'Wagon-wheel' mask as a tool to study anisotropy of porous silicon formation rate
© Astrova and Zharova; licensee Springer. 2012
Received: 5 May 2012
Accepted: 27 July 2012
Published: 27 July 2012
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© Astrova and Zharova; licensee Springer. 2012
Received: 5 May 2012
Accepted: 27 July 2012
Published: 27 July 2012
Relationship between the rate of electrochemical formation of mesoporous Si and the crystallographic directions has been studied by local anodization of wafers through a mask having the form of narrow long wedges radiating from the center in all directions (‘wagon-wheel’ mask). The etching rates were found from the side etching under the thin transparent n-Si mask. On p+-substrates of various orientation diagrams characterizing the distribution of pore formation rates over different directions in the wafer plane were constructed for the first time. The wagon-wheel method was applied to study the current dependence of the anisotropy. It was found that the orientation-related difference between the pore formation rates is 5% to 25%, depending on the crystallographic direction and the etching current density. At a current density of approximately 9 mA/cm2, the etching rates are related as V 100:V 113:V 110:V 112:V 111 = 1.000:0.900:0.836:0.824:0.750. A general tendency is observed toward weakening of the anisotropy with increasing current. The highest rate always corresponds to the <100 > direction, and the rate ratio between the other directions varies with increasing current, which leads to a change of their sequence.
Analysis of the pore formation rate in relation to a crystallographic direction is important both from the standpoint of fundamental science, for understanding the nature of the porous structure formation, and from the practical standpoint, for solving various technological tasks based on utilization of porous silicon (por-Si) [1–5] or for creating a birefringent optical medium based on nanostructured silicon [6, 7]. It is known that individual pores in meso-porous silicon form a dense array with a stable front propagating in the bulk of the crystal. Despite that individual pore channels in this array display strong anisotropy of their motion (microscopic anisotropy), the anisotropy in the propagation of the pore front (macroscopic anisotropy) is rather weak. Porous silicon has been intensively studied in the last two decades; however, the information about the macroscopic anisotropy of the electrochemical etching rate is scarce [8–12], and its quantitative characteristics are at all lacking. A possible reason is that no appropriate method of study has been developed so far. Recently, we suggested the method of local anodization of p-Si wafers through a mask in the form of narrow long wedges radiating from the center in all directions (‘wagon-wheel’ mask) , previously used to examine only the chemical etching anisotropy for Si in alkaline solutions [14, 15]. The under-etching for this mask depends on the motion rate of the porous-layer boundary along different crystallographic directions lying in the sample plane and makes it possible to determine quantitative parameters of the anisotropy.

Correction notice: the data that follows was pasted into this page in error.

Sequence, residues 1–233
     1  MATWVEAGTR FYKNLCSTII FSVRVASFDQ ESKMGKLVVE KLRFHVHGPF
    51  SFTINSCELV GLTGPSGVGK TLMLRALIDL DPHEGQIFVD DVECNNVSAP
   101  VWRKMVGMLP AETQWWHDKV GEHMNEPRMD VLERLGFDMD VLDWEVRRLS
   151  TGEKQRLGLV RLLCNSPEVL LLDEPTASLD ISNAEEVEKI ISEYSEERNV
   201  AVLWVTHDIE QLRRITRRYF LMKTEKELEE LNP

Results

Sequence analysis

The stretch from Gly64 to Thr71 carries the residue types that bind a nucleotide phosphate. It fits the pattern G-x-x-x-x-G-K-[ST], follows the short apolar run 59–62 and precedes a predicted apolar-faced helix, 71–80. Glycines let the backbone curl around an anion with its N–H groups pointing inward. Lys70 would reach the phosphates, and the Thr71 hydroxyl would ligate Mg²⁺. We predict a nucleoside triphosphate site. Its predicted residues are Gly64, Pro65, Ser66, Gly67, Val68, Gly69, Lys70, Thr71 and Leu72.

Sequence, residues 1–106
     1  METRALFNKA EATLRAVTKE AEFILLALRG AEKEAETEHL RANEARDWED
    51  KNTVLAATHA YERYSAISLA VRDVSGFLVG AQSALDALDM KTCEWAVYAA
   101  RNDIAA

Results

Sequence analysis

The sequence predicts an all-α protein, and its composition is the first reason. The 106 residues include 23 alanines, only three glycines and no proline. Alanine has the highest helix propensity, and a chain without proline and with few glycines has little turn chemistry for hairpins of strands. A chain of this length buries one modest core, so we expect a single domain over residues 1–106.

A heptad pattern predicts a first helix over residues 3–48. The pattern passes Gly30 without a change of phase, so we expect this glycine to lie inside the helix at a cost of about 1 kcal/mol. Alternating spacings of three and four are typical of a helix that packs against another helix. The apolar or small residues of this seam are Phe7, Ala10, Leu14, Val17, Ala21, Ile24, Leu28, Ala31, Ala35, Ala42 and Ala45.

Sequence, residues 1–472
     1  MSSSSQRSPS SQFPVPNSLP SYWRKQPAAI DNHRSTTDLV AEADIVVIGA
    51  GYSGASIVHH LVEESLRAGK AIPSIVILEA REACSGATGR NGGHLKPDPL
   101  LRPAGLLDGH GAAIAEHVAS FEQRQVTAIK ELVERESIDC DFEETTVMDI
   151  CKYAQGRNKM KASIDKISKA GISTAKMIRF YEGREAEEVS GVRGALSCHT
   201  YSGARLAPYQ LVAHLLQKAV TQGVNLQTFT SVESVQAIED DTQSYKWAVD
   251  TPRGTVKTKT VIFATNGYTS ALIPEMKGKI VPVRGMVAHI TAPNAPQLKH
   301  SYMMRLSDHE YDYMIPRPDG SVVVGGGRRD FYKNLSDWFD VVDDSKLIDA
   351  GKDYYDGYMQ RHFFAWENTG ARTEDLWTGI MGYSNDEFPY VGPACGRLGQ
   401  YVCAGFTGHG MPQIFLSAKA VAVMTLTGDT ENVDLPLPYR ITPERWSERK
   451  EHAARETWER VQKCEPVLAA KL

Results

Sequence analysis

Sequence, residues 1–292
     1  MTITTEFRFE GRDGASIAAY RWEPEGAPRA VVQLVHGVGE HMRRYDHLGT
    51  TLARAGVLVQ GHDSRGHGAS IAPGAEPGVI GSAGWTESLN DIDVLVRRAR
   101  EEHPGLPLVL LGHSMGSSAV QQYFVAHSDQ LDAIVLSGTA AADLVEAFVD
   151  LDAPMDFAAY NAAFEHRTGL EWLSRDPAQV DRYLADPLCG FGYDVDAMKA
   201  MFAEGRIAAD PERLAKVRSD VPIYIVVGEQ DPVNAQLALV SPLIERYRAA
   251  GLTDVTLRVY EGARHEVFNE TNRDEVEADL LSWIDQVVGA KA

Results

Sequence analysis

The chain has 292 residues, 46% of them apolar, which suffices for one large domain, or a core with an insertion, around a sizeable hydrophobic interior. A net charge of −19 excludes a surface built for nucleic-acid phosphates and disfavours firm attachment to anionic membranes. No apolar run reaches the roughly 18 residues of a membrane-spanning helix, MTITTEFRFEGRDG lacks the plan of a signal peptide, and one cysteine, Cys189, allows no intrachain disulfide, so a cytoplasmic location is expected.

The present study is concerned with the anisotropy of pore formation in heavily doped (degenerate) p+-Si. The wagon-wheel procedure is used to construct diagrams of the etching rate distribution over different crystallographic directions, and the orientation dependence of the motion rate of the pore front is analyzed in relation to the etching current.
We used this potential shift to selectively form pores in differently doped areas.
The starting material in our experiments was p+-Si. (111), (100), and (110) wafers were cut from the same ingot doped with boron to a concentration of 2 × 1019 cm−3 (6 mΩ⋅cm). To form the mask for local anodization, we formed n-Si layers either by local diffusion of phosphorus at 1,100 °C (p-n junction depth x j = 3 μm) or by ion implantation (dose 5 × 1015 cm−2) with subsequent annealing (x j ≈ 1.4 μm). The surface concentration of phosphorus was N s = 1020 cm−3. The local doping with phosphorus was performed using thermally grown SiO2 film prepatterned by photolithography.
The wagon-wheel mask EA-3 had the form of 72 beams with an angular width Δθ = 2° radiating with a step θ = 5°. The beam length was 1 cm; the full anodization area, 3.14 cm2, of which the unmasked part constituted 60%, i.e., 1.88 cm2. The anodization was performed in a 1:1 HF-ethanol electrolyte in the galvanostatic mode at I = const for 7 to 120 min to a depth of approximately 50 μm. This corresponds to a change in the current density from j0 at the start (t = 0) to j f = 0.65 j0 by the end of the process. The anodization rate was found as V(θ) = w(θ)/t, where t is the etching duration. Experiments on the current dependence were performed with (110) wafers. In these experiments, the product I⋅t was kept constant. To enable reading of R(θ), the mask was provided with a scale whose divisions indicated the distance R from the mask center and the angle θ (see Figure 4a). The scale marks were formed by n-Si strips and points on the beams opened for anodization. To find the under-etch length for the mask produced by diffusion, we introduced a correction for the increase in the n-type beam width x due to the side diffusion of phosphorus, w c = w + x (see Figure 1b), where x = 0.8x j . In the case of ion implantation, this correction is negligible and can be disregarded.